Joe Flanigan (Thoughtcrimes)
Torri Higginson (Highlander: THe Raven)
Rachel Luttrell (Arrow)
Rainbow Sun Francks (Defiance0
David Hewlett (Rise of The Planet of The Apes)
Jason Momoa (Game of Thrones)
Paul McGillion (V)
Amanda Tapping (Sanctuary)
Jewel Staite (Firefly)
Robert Picardo (Star Trek: Voyager)


Richard Dean Anderson (Macgyver)
Michael Shanks (Smallville)
Garwin Sanford (The Fly 2)
Andee Frizzell (Andromeda)
Craig Veroni (Dark Angel)
Christopher Heyerdahl (Sanctuary)
Robert Patrick (Terminator 2)
Ben Cotton (30 Days of Night: Dark Days)
David Nykl (Arrow)
Agam Darshi (Sanctuary)
Courtenay J. Stevens (Ripper)
Dominic Zamprogna (Odyssey 5)
Callum Worthy (Samllville)
Alan Scarfe (Andromeda)
Dean Marshall (2012)
Colm Meaney (Star Trek:DS9)
Erin Chambers (Standoff)
Ryan Robbins (Arrow)
Corey Monteith (Glee)
Leonor Varela (Blade 2)
Matthew Walker (Highlander: The Series)
Chuck Campbell (Jason X)
David Orth (The Lost World)
Clayton Landey (Scary Movie 5)
Ellie Harvie (The New Addams Family)
Mitch Pileggi (The X-Files)
Kavan Smith (Sanctuary)
Jaime Ray Newman (Bates Motel)
Claire Rankin (Rogue)
Brenda James (Slither)
Chris Gauthier (Watchmen)
Pascale Hutton (Sanctuary)
Anne Openshaw (Narc)
Aaron Abrams (Hannibal)
Chad Morgan (The Purge 2)
Peter Flemming (Replicant)
William MacDonald (Slither)
Chelan Simmons (Final Destination 3)
Peter Woodward (Crusade)
Sonja Bennett (Blade: The Series)
Connor Trinneer (Star Trek: Enterprise)
Brandy Ledford (Andromeda)
Tamlyn Tomita (Heroes)
Brent Stait (Andromeda)
Richard Kind (Gotham)
John O’Callaghan (Clutch)
David Ogden Stier (Two Gusy and a Girl)
Alan Ruck (Speed)
Kate Hewlett (A Dog’s Breakfast)
Patrick Sabongui (The Flash)
Megan Leitch (IT)
Panou (Flash Gordon)
Bill Dow (Legends of The Fall)
Robert Davi (The Bad Pack)
Leela Savasta (Black Xmas)
Laura Harris (Dead Like me)
Michael Beach (The Abyss)
Beau Bridges (My Name Is Earl)
Sharon Taylor (Legends of Tomorrow)
Christopher Judge (The Dark Knight Rises)
Aleks Paunovic (Mortal Kombat Legacy)
Mark Dacascos (Kamen Rider Dragon Knight)
Jill Wagner (Blade: The Series)
Danny Trejo (Machete)
Gary Jones (Highlander: The Series)
Steven Culp (Jason Goes To Hell)
Jodelle Ferland (Kingdom Hospital)
Crystal Lowe (Poison Ivy 4)
David Richmond-Peck (V)
Emma Lahana (Power Rangers Dino Thunder)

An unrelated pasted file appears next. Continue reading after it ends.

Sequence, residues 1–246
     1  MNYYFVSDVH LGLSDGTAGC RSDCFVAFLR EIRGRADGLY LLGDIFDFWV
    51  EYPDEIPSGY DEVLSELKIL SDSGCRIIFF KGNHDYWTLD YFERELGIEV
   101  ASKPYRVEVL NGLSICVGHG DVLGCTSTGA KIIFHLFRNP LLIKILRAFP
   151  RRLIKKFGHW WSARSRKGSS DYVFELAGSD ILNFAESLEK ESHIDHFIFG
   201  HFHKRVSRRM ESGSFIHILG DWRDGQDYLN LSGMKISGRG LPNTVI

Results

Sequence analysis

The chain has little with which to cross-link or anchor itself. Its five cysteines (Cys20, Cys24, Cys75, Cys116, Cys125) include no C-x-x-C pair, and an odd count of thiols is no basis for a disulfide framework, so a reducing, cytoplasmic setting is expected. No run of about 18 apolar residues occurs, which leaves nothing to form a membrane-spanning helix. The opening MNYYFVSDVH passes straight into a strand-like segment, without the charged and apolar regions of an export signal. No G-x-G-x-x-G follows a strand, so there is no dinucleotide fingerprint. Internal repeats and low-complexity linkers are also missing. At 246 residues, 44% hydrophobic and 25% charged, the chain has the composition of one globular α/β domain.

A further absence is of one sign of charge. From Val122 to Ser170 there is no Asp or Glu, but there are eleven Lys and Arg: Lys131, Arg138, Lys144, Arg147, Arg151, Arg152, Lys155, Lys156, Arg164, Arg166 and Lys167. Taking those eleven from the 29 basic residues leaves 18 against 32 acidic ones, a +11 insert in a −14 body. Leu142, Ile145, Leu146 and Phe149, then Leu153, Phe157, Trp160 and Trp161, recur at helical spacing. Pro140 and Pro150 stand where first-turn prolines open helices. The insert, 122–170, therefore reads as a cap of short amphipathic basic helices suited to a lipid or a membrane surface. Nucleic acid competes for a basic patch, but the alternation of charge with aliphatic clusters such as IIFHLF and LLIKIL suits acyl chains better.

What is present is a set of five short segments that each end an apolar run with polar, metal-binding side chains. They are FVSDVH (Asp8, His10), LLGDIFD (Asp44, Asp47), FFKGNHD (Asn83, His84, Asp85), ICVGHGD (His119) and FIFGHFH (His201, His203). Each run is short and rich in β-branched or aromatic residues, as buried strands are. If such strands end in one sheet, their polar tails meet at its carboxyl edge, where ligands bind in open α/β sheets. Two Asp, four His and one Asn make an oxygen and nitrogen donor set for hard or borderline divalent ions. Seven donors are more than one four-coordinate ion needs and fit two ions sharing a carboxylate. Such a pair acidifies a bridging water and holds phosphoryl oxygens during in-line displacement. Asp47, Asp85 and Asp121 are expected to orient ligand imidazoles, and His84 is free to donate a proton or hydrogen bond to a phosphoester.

Dylan Neal (Arrow)
Michelle Morgan (Heartland)
Nicole de Boer (Star Trek: DS9)
Janina Gavankar (The Vampire Diaries)
Christina Cox (Arrow)
Mike Dopud (Man of Steel)
Jonathan Young (Sanctuary)
Daniella Alonso (Wrong Turn 2)
Sarah Deakins (Andromeda)
Alan Blumenfeld (Heroes)
Anna Galvin (Caprica)
Dawn Olivieri (The Vampire Diaries)
Neil Jackson (Sleepy Hollow)
Ona Grauer (Arrow)

Stargate : Atlantis is far more than just a spin-off from the successful Stargate SG1 series. It stands on its own two feet as a clever, dramatic, funny, entertaining, well-crafted show. In some ways it even surpasses the original, benefiting as it does from the producers’ and crew’s 8+ years of experience in writing and producing the SG1 series. Continuing the mythology of the original show, but with the added twist of a whole new galaxy to explore, this show has something for everyone.

The mix of characters is great and the core cast – and also the regular recurring cast – boasts some excellent actors. Production values are consistently high and, while some episodes are always stronger than others, the writing in season 1 has also been excellent. The first season got things off to a great start, introducing the new team, new allies.. and a new enemy.5195S6CTB0LThere is a great mix of humour and drama in this series and stand-out episodes for me include 38 Minutes, Brotherhood, The Defiant One and the excellent mid-season 2 parter, The Storm and The Eye.

Season one not only established this show as a unique rival to its fellow series `Stargate: SG-1′, but also set the bar very high for a second season with this new breed of adventurers continuing to battle Wraith and other foe in the far-removed Pegasus Galaxy.

Just as with its sister series, `Atlantis’ is adept at balancing a large season story-arc while at the same time providing its audience with inventive one-off stories that act both to attract new viewers to the show and also give the loyal fan-base a break from the on-going threat of the Wraith. This second season is no exception.

The Siege Part III – As last season closed, the cliffhanger had Atlantis under siege by the Wraiths and things were not going well. Atlantis was ready to self destruct and Maj. Shephard was on the way to a suicide mission. As is customary in such situations, the cavalry arrives just in the nick of time in the form of the Earth Ship Daedelus. It has some advanced Asgard technology on board which saves Shepherd and helps to destroy the hive ships attacking Atlantis. Some manage to get away and they are heading back with reinforcements. While the cleanup is going on, a lieutenant is rescued but he has been severely damaged by the wraith. He is irrational and jumpy about the others who do not fully trust him. As the enlarged wraith fleet arrives, Atlantis decides to gamble on deceiving them that a self destruct has really taken place. This occurs just as the damaged lieutenant steals a puddle jumper and flees through the gate.